Membership September 2017–August 2019
Mr. Mohsin Ghuman
Mr. Mohsin Ghuman was born and raised in Surrey, BC. His Canadian roots were set down in the 1970s, when his father migrated to Canada from Sarghoda, Pakistan. With the encouragement of his father, Mohsin has actively volunteered for Muslim and other community organizations from a young age. He graduated from Kwantlen Polytechnic University with a BBA in entrepreneurial leadership and currently works as a real estate developer. Being a first generation Punjabi Canadian gives him a unique lens on Canadian and Punjabi heritage.
Dr. Balbir Gurm - Chair
Balbir Gurm, RN, BSN, MA, EdD, was raised in Vancouver. She is a member of the Faculty of Health at Kwantlen Polytechnic University and a community activist. She is the founding editor-in-chief of Transformative Dialogues: Teaching and Learning Journal. Dr. Gurm has been honoured with the Teaching Excellence Award from the College of Registered Nurses of British Columbia (2000), the NISOD Teaching Excellence Award from the University of Texas (2000) and Academic Excellence Awards from Times of Canada (2013) and from Shakti (2014). She founded NEVR (Network to Eliminate Violence in Relationships) and leads a community action project to eliminate violence in relationships, for which she has brought together community partners from policing, the volunteer service sector, the government service sector and government.
Ms. Betty Hayer - Vice Chair
Ms. Betty Dusange Hayer is a third-generation Canadian whose great grandfather migrated to Canada in 1902. Ms. Hayer has over 30 years of business experience in the aviation, tourism, real estate development and natural resources industries. She has held leadership positions in a number of companies, including Ishan Canada International Ltd. , Canadian Regional Airlines Ltd., Canada 3000 Airlines Inc., Pacific Western Airlines Ltd and LThree Communications. Ms. Hayer has successfully launched and established travel agencies and the Bright Horizons Foundation. She has also worked with Royal Canadian Mounted Police Victim Services and the Richmond Hospital Foundation. Currently she is a consultant andlobbyist for corporations of international scope, both public and private. Ms. Hayer has also been extensively involved in successful fundraising for corporations and non-profits.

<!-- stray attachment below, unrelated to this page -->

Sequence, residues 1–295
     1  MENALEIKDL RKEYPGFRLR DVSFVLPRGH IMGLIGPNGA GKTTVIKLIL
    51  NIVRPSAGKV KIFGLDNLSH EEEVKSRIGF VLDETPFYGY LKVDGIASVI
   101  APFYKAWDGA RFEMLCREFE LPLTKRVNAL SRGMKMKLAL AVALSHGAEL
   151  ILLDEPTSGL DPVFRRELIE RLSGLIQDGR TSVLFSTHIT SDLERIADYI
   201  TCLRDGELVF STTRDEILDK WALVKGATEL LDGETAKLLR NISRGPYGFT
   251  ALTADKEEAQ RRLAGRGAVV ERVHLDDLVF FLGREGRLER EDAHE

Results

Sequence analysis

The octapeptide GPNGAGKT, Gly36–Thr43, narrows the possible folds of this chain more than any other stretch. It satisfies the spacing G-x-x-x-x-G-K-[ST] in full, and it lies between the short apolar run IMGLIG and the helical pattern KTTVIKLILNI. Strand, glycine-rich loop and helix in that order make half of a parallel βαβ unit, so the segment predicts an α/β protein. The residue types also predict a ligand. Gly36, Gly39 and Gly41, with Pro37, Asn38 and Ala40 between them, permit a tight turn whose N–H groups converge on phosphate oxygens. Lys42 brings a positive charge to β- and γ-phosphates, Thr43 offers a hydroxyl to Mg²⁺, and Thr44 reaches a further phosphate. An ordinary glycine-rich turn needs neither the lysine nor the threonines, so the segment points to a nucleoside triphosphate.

Dr. Hugh Johnston
Dr. Hugh Johnston is a retired professor of history who taught at Simon Fraser University for 36 years and was Chair of the Department of History for 11 years. He is a senior member of the administration at Alexander College in Burnaby and Vancouver. He has been an active member of the Shastri Indo-Canadian Institute, serving on the executive successively as secretary, treasurer and president in Canada and as resident director in New Delhi. He has been writing about South Asians in Canada for nearly 40 years, and he recently published a revised and expanded edition of his Voyage of the Komagata Maru, first published in 1979. He wrote the first complete ethnographic life journey of a Punjabi Canadian, The Four Quarters of the Night, in 1995. His latest book, Jewels of the Qila: The Remarkable Story of an Indo Canadian Family (2011), chronicles the lives of a Sikh family and the communities they lived in and supported.
Ms. Moninder Lalli
Ms. Moninder Kaur Lalli is a librarian at Simon Fraser University. She was part of a team that developed the vision for the Komagata Maru Website, a project funded by the Department of Citizenship and Immigration under their Community Historical Recognition Program. As Chair of the Library Programme Advisory Committee of the Shastri Indo-Canadian Institute, she oversaw the program which obtained scholarly material published in India for Canadian academic libraries. Moninder has assisted faculty, community members and institutions such as the Vancouver Maritime Museum with their research. In 2014, she was recognized for her work on the Komagata Maru website and the preservation of the history of the Sikh community. Moninder is also an artist with several solo exhibits to her name.
Mr. Harinder Mahil
Mr Harinder Mahil has been an anti-racist and human-rights activist since the 1970s. Over the last 48 years he has worked for the New Westminster local of the International Woodworkers of America (IWA), the Province of British Columbia and the Professional Institute of the Public Service of Canada.
He was one of the founders of the BC Organization to Fight Racism and of the Canadian Farmworkers’ Union. He served as chair of the British Columbia Council of Human Rights from 1992 to 1997 and as deputy chief commissioner of the British Columbia Human Rights Commission from 1997 to 2002. He was acting chief commissioner of the British Columbia Human Rights Commission when the former Liberal government of British Columbia decided to enact legislation to do away with the commission.